"Bloody hell," murmured Geralt to Jaskier. "It's him who brought the rope? Eyck? Not Dorregaray?"

"No," muttered the bard. "It was definitely Eyck."

Geralt shook his head in disbelief. Yennefer cursed under her breath and straightened up.

"Knight Eyck," she said to him with a smile that all, except Geralt, believed kind and benevolent. "Can you explain why? I am vermin, but you saved my life?"

"You are a lady, dear Yennefer." The knight bowed stiffly. "Your charming and sincere face makes me think that one day you will break free of your accursed magic."

Boholt snorted.

"I thank you, sir knight," Yennefer replied coldly. "The witcher Geralt also thanks you. Thank him Geralt."

"The devil take me first," replied the witcher with absolute sincerity. "Why should I thank him? I'm only a detestable mutant whose vile face brooks no improvement. The Knight Eyck pulled me from the void by accident, only because I was stubbornly held by a lady. If I'd been alone, Eyck wouldn't even have lifted his little finger. Am I mistaken, knight?"

"You are mistaken, Lord Geralt," replied the knight errant serenely. "I never refuse assistance to those that need it. Even a witcher."

"Thank him, Geralt. And beg his forgiveness," the sorceress told him firmly. "Otherwise, you confirm all that Eyck says about you. You don't know how to live with others because you're different. Your presence in this expedition is a mistake. An absurd purpose brings you here. It would be more reasonable for us to leave. I think that you understand this yourself. If not, it's high time that you did understand it."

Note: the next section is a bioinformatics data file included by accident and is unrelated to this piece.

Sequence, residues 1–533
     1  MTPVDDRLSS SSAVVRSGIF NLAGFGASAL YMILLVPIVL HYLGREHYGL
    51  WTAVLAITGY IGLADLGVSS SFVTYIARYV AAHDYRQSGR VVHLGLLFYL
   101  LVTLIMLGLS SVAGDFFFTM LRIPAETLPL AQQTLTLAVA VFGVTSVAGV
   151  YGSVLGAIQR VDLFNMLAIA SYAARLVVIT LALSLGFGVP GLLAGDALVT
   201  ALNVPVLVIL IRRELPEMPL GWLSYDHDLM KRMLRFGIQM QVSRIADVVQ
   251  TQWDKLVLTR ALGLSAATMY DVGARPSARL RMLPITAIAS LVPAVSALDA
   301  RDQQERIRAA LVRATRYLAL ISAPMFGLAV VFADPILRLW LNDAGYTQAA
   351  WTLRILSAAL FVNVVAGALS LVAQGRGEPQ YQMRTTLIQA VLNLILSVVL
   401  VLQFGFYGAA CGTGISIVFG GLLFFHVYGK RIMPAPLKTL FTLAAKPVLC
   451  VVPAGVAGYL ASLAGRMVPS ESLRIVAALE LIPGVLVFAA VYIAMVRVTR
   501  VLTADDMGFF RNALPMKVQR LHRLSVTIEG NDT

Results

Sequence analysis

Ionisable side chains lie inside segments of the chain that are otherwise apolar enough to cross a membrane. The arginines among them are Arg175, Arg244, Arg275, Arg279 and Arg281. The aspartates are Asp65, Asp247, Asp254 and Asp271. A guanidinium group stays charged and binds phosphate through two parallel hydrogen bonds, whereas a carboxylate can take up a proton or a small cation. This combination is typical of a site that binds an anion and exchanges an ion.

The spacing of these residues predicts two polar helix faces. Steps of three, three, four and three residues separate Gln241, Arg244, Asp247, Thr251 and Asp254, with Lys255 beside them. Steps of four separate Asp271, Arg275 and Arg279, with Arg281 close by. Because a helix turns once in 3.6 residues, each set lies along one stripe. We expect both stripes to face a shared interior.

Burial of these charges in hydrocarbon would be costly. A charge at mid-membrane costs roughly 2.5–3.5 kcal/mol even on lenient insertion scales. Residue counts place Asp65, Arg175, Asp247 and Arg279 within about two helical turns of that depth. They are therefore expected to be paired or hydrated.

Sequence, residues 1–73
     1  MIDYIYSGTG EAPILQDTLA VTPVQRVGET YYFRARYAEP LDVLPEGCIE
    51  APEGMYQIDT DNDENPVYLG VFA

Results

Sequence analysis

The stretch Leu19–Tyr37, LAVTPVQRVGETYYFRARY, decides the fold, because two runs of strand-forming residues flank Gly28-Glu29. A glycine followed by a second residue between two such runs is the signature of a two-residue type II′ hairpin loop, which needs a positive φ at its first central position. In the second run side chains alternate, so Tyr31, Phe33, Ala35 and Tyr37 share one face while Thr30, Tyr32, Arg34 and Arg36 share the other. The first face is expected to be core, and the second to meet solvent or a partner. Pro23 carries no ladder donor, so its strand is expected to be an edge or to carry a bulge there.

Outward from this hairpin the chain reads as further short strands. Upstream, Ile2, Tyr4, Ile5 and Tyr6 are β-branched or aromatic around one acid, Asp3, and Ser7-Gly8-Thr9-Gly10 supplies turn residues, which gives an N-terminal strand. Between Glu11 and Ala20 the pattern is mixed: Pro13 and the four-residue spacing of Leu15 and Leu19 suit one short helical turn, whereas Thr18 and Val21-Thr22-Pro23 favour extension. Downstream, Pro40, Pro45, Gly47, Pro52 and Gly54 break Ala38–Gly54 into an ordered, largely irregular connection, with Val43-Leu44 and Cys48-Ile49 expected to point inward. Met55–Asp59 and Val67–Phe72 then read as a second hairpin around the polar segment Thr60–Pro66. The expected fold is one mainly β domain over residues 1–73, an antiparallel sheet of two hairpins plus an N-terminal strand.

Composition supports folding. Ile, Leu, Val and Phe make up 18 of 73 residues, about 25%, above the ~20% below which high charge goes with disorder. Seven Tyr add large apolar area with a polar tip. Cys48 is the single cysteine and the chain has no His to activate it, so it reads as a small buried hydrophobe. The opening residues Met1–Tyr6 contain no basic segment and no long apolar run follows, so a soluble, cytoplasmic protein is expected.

"What purpose are you talking about, madam?" Gyllenstiern intervened.

The sorceress looked at him without answering. Jaskier and Yarpen Zigrin smiled at each other significantly, but so as not to be seen be the sorceress.

The witcher fixed his gaze on Yennefer's eyes. They were cold.

"Please excuse me, Knight of Denesle, my sincere thanks you," he announced, bowing his head. "I also thank all persons present for our hasty rescue. Hanging from the bridge, I heard how all and sundry rushed to our assistance. I beg you all for forgiveness. Except for the noble Yennefer, whom I thank without asking anything in return. Goodbye. This vermin is leaving the company, because this vermin has had enough of you. Take care, Jaskier."

"Hey, Geralt," said Boholt. "Stop acting like a spoiled little girl throwing a tantrum. There's no need to make a mountain out of a molehill. Damn it..."


From out of the gorge ran Kozojed and some of the Holopole militiamen who had been sent out to scout the narrows of the ravine.

"What's happening? What's wrong with him?" asked Nischuka, raising his head.